Pond Boss Magazine
https://www.pondboss.com/images/userfiles/image/20130301193901_6_150by50orangewhyshouldsubscribejpeg.jpg
Advertisment
Newest Members
suburban electri, Ratbird, MORiverRat, Chobee94, FarmerSJ513
18,617 Registered Users
Forum Statistics
Forums36
Topics41,167
Posts560,169
Members18,618
Most Online3,612
Jan 10th, 2023
Top Posters
esshup 28,769
ewest 21,558
Cecil Baird1 20,043
Bill Cody 15,219
Who's Online Now
3 members (rjackson, suburban electri, Tinylake), 387 guests, and 265 robots.
Key: Admin, Global Mod, Mod
Previous Thread
Next Thread
Print Thread
#138300 11/10/08 03:43 PM
Joined: Oct 2008
Posts: 11
K
KCH Offline OP
Lunker
OP Offline
Lunker
K
Joined: Oct 2008
Posts: 11
The term salinity has been used several times concerning the hatch in a pond. In my case I have high salinity(3500 ppm) which is helpful in some ways but detrimental concerning the spawn. I have an Extech meter which gives me salinity,TDS,and conductivity. I just get TDS(total dissolved salts),conductivity, and various elements on my water samples from A&M.So when you Pond Bosses say salinity you are referring to my Extech meter reading but on the A&M water sample which one is it or do I have to convert conductivity to salinity on this sample with some conversion ratio. As you can tell I am no scientist but I want to be able to compare the Extech meter with the lab samples. Also am I right in saying TDS(total dissolved salts) is of no use in evaluating my pond just salinity? Maybe you can refer me to a paper on the matter - Thanks

Joined: Mar 2005
Posts: 21,558
Likes: 291
E
Moderator
Hall of Fame 2014
Lunker
Offline
Moderator
Hall of Fame 2014
Lunker
E
Joined: Mar 2005
Posts: 21,558
Likes: 291
Is the TDS - total dissolved solids ? I don't see that on reports like the one you note. Not sure what your meter is testing.
















Joined: Apr 2006
Posts: 3,261
D
Ambassador
Lunker
Offline
Ambassador
Lunker
D
Joined: Apr 2006
Posts: 3,261
KCH, yer meter is most assuredly giving you total dissolved solids (TDS) as there is a numerical relationship between that and electrical conductivity. i use a hanna water meter that gives temp, pH, conductivity, and TDS.

check out this thread, ewest had some amazing posts there:
http://www.pondboss.com/forums/ubbthreads.php?ubb=showflat&Number=38784&fpart=1

come back with more questions after reading this, it is a very interesting topic for me as well.

Last edited by dave in el dorado ca; 11/10/08 04:54 PM.

GSF are people too!

Joined: Oct 2008
Posts: 11
K
KCH Offline OP
Lunker
OP Offline
Lunker
K
Joined: Oct 2008
Posts: 11
Thanks guys for the feedback but my water report from Texas A&M says Total Dissolved Salts(TDS) = 5000 ppm. My conductivity says 5450 umhos/cm. No where does this report say salinity and that is what confuses me. The term salinity in ppm is often used to describe fresh,brackish, and salt water. What is that number relative to the 2 I previously stated. Is there a correlation? On my Ectech meter it does calculate salinity which is constantly coming in at around 3000ppm. The TDS it gives is also around 5000 ppm and conductivity is 5400 umhos so there is correlation with the sample report. So really my question is can I take the A&M water report and calculate salinity so I can compare it with the Ectech meter? - Thanks

Joined: Mar 2005
Posts: 21,558
Likes: 291
E
Moderator
Hall of Fame 2014
Lunker
Offline
Moderator
Hall of Fame 2014
Lunker
E
Joined: Mar 2005
Posts: 21,558
Likes: 291
See if this helps.

Salinity is commonly reported in units of total dissolved solids (TDS) or electrical conductivity (EC). TDS are measured by evaporating a sample of water and weighing the residue. The results are reported in parts per million (ppm) or mg/L, depending on whether the calculation is on a weight or volume basis. Since 1 liter of water typically weighs about 1 million milligrams, for practical purposes the units of ppm and mg/L are equal.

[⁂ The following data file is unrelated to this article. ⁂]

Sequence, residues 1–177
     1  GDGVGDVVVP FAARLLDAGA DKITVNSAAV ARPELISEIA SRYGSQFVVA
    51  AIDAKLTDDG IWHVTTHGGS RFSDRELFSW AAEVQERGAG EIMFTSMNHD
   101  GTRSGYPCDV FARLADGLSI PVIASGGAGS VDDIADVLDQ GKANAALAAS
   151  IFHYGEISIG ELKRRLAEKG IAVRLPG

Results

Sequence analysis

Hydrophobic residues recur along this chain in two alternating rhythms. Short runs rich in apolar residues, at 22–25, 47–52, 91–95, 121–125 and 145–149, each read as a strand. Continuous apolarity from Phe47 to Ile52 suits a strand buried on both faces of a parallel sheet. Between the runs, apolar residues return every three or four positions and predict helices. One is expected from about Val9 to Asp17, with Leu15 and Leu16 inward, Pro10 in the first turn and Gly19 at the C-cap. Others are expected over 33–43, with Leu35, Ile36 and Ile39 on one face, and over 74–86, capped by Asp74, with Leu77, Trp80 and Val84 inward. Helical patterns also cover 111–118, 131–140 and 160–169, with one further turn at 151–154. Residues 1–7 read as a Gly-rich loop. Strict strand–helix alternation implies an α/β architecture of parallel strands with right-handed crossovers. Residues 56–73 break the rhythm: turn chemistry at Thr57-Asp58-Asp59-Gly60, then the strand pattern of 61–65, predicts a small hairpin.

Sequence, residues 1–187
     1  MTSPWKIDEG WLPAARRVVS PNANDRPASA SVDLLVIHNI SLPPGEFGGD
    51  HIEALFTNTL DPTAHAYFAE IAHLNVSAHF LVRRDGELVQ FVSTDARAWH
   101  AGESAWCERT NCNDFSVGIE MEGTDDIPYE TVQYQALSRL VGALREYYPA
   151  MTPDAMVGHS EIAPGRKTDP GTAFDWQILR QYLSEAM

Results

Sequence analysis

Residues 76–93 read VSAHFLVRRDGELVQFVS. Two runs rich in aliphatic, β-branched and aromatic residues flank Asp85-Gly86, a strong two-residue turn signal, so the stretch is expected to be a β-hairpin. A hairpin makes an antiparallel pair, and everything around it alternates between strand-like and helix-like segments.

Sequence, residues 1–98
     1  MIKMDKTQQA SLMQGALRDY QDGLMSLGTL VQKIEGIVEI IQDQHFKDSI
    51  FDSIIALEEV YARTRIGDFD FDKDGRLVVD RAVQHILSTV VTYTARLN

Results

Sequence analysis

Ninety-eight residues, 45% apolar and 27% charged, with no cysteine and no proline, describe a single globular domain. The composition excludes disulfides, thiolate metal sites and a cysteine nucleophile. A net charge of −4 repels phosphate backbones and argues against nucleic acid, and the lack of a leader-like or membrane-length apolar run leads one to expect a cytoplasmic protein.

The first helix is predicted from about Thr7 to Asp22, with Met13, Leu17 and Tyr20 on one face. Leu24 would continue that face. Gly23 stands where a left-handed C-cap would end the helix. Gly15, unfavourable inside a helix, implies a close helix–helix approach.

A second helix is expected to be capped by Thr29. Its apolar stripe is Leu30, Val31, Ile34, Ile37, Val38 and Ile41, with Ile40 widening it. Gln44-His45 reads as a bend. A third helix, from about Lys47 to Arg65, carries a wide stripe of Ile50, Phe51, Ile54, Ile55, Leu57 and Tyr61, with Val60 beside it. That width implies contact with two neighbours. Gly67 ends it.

The EC of a solution is a measure of the ability of the solution to conduct electricity. When ions (salts) are present, the EC of the solution increases. If no salts are present, then the EC is low, indicating that the solution does not conduct electricity well. As a result, EC indicates the presence or absence of salts, but does not indicate which salts are present. A high EC in soil water may result from irrigation with salty water or from dissolved fertilizer salts from a recent application. To determine the source of the salts in a sample, further chemical tests must be performed.

EC measurements are taken with conductivity meters and results are given in units of conductance. Hand-held conductivity sensors (Fig. 4) are convenient for measuring conductivity in the field. They come in a variety of designs and can range in cost from $40 to several hundred dollars.



Figure 4. Typical handheld conductivity meter.


The SI (metric) unit of salinity measurement is deci-Siemens per meter (dS/m), which is the same as millimho/cm (mmho/cm). Both of these terms are generally in the range of 0-5. If the numbers reported are higher, in the range of 100-5,000, the units are typically micro-Siemens per centimeter (µS/m) which is equivalent to micromho/cm (µmho/cm).


The conversion from electrical conductance to TDS depends on the particular salts present in the solution. The conversion factor of 700 x EC (in dS/m) is applicable for converting EC values to TDS for Florida irrigation waters. Commercially available meters will read directly in ppm. Care must be taken when using these meters so that results are reported consistently. Most of these meters use conversion factors of 630 or 640 x EC to get ppm. However, some meters may use a factor as low as 500 or as high as 800 to convert from dS/m to ppm. It is important to know what conversion factor your unit uses so you can properly interpret results for Florida conditions.


Conversions:


1 mg/L = 1 ppm

dS/m x 700 = ppm (for salts typically found in Florida surface and ground water)

µS/cm x 0.7 = ppm

µS/cm = µmho/cm

Example 2


Determine the salinity in ppm for a water sample with EC of 2.3 dS/m.

2.3 dS/m x 700 = 1,610 ppm

Example 3


A meter that has a built-in conversion factor of 1 dS/m = 630 ppm has a reading of 2,300 ppm. What would be the TDS if the factor of 700, suitable for most Florida water was used instead?

Convert to dS/m using the meter factor of 630

2300 ppm / 630 ppm/dS/m = 3.65 dS/m

Then convert back to ppm using a factor of 700

3.65 dS/m x 700 ppm/dS/m = 2,555 ppm




TDS meters are calibrated for Sodium Chloride salt

0.1 microSiemens corresponds to 0.04 ppm (parts per million) of Sodium Chloride salt.

1 microSiemens corresponds to 0.4 ppm of Sodium Chloride salt.

10 microSiemens corresponds to 4.3 ppm of Sodium Chloride salt.

99.9 microSiemens corresponds to 48 ppm of Sodium Chloride salt.


What is the difference between ppm and EC?

--------------------------------------------------------------------------------